Medical lab facility, health care organizations, constituents detail flaws
Novi – Rep. Bronna Kahle this week joined several colleagues and local residents to speak on behalf of some of Michigan’s most vulnerable residents and their families in Novi. Residents in nursing homes and skilled nursing facilities are particularly susceptible to COVID-19 and are considered to be a high-risk population.
Gov. Gretchen Whitmer’s controversial policy that requires contagious COVID-19-positive patients to be placed into Michigan nursing homes has been under scrutiny by the bi-partisan Senate Oversight Committee and many legislators and concerned families are demanding immediate changes.
Kahle called for the Whitmer administration to release information about this policy after weeks of stalling by state officials. She also called for the administration to improve current conditions, and utilize field hospitals, hotels and other infrastructure that can be retrofitted to care for COVID-19 patients in need of skilled nursing care.
Kahle, of Adrian, who previously served as a senior center director, called Whitmer’s COVID-19 nursing home policy “a grave concern.”
“Tragically, the misguided policy on nursing homes was fatal to many of the most vulnerable members of our communities, and the people put in harm’s way are not expendable,” Kahle said. “These are grandmothers and grandfathers, moms and dads, brothers and sisters, and they’re being put in danger and all too often forced to die alone and afraid. We need to protect our vulnerable seniors and sensibly keep them safe. They deserve better.”
Joining Kahle and other legislators were representatives from a Novi medical laboratory, who shared frustrations with the lack of state testing procedures for nursing home residents and staff; a local healthcare worker, who spoke about the effectiveness of isolation protocols for nursing home residents displaying symptoms of COVID-19 prior to testing and after; a family member of a current nursing home resident, who shared her experiences with how this policy has affected seniors without COVID-19; and a local business owner who outlined the struggles to find an adequate supply of PPE equipment for employees.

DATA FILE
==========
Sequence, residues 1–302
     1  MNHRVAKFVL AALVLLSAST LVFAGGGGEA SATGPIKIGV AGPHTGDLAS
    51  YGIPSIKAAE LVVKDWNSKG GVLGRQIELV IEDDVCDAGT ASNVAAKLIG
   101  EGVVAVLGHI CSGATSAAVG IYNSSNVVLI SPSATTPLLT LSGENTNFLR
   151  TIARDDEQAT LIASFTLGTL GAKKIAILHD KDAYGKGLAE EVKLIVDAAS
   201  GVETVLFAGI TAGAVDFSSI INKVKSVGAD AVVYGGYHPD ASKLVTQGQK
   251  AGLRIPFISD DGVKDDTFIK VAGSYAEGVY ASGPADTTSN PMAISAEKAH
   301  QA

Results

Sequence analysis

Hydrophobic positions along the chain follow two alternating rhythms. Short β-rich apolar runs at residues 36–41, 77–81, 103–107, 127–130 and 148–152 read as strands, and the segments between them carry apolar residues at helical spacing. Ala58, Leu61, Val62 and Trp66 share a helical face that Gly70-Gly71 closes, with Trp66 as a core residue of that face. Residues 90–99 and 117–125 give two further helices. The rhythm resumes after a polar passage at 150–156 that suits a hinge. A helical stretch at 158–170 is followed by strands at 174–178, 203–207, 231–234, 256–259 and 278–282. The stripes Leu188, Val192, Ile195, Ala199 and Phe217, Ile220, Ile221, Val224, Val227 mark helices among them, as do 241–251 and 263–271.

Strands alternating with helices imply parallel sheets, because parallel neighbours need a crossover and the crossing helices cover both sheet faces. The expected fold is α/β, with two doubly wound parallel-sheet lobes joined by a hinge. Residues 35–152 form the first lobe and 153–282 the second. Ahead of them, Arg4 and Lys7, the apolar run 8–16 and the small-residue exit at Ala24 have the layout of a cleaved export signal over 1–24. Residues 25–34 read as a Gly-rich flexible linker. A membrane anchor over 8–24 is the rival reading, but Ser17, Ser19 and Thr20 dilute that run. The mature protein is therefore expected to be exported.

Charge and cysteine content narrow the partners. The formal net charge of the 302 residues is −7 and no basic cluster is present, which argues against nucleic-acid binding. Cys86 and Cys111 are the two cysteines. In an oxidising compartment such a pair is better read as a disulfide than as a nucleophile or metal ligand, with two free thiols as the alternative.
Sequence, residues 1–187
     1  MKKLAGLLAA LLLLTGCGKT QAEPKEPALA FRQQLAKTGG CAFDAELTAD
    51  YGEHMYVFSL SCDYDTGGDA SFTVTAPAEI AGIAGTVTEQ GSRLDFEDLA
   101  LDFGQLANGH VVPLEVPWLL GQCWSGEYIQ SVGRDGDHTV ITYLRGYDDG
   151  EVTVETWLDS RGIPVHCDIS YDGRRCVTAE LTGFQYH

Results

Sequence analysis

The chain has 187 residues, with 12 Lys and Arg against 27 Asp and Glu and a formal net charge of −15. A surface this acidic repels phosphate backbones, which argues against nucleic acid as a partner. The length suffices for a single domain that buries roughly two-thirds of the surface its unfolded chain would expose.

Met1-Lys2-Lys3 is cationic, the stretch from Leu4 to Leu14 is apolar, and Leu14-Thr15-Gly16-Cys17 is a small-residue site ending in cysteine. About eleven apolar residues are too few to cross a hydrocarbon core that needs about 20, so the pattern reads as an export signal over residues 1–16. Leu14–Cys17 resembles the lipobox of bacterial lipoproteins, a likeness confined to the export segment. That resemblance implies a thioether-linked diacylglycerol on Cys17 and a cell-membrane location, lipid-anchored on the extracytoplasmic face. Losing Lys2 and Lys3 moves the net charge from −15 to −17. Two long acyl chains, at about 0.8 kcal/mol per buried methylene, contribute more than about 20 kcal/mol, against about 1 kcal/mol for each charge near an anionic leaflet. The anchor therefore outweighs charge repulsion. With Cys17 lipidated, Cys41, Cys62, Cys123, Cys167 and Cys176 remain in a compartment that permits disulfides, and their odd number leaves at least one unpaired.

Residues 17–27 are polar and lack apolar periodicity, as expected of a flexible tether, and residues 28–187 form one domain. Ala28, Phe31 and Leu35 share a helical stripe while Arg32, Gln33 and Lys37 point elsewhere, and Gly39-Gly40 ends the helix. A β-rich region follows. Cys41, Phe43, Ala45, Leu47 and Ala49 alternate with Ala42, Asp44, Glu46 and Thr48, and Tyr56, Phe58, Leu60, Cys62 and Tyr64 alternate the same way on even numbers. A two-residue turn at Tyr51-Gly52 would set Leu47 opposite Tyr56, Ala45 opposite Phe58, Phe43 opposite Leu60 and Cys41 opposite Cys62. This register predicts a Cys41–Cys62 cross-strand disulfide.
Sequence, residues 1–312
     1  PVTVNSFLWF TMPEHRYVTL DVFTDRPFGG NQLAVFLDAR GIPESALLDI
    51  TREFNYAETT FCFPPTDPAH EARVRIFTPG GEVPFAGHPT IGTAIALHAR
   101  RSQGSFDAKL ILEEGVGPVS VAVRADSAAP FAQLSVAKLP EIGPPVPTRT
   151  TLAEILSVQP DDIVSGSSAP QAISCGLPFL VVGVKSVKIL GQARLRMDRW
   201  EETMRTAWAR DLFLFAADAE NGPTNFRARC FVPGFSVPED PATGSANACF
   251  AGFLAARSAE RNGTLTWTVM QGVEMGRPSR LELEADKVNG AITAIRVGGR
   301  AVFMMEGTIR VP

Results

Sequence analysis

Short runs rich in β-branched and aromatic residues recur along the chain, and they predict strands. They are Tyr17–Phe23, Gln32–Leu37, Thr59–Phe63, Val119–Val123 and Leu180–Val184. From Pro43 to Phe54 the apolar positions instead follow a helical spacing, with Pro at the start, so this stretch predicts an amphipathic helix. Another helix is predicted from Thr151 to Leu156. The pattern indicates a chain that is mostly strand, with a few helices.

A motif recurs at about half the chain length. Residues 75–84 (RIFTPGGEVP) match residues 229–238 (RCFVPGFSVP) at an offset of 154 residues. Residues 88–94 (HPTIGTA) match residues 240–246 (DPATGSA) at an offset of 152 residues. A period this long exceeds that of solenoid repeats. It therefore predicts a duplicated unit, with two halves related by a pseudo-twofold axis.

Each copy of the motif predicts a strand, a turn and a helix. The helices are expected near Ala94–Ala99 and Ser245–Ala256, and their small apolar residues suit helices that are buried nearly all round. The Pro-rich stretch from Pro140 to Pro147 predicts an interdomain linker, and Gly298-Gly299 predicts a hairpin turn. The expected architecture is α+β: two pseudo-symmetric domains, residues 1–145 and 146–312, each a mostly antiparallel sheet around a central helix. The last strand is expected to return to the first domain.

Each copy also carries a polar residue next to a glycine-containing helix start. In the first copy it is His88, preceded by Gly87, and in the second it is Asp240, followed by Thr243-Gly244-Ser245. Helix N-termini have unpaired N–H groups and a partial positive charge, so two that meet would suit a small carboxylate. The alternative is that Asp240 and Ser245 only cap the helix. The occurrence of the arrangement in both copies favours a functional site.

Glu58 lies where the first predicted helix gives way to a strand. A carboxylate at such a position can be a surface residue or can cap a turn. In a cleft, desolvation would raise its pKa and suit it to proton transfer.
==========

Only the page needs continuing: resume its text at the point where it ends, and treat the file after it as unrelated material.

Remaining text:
“I’m deeply discouraged that instead of reversing this policy, the governor is still forcing COVID-19 patients to be put into the same facilities as non-infected residents, putting our most vulnerable at risk,” Kahle said. “I’m standing up for these people who have no voice and calling for changes to the governor’s COVID-19 nursing home policy. We are better than this and should be working together to correct the administration’s past mistakes. We have to be sensible and we can be smarter with these policies”.
To date, at least a quarter of the state’s coronavirus deaths – roughly 1,600 – have been nursing home residents. According to cumulative data collected by the federal Centers for Services, Michigan ranks fifth in the nation in total nursing home deaths. Just last week the governor admitted her nursing home policy has severe flaws, yet the policy remains active.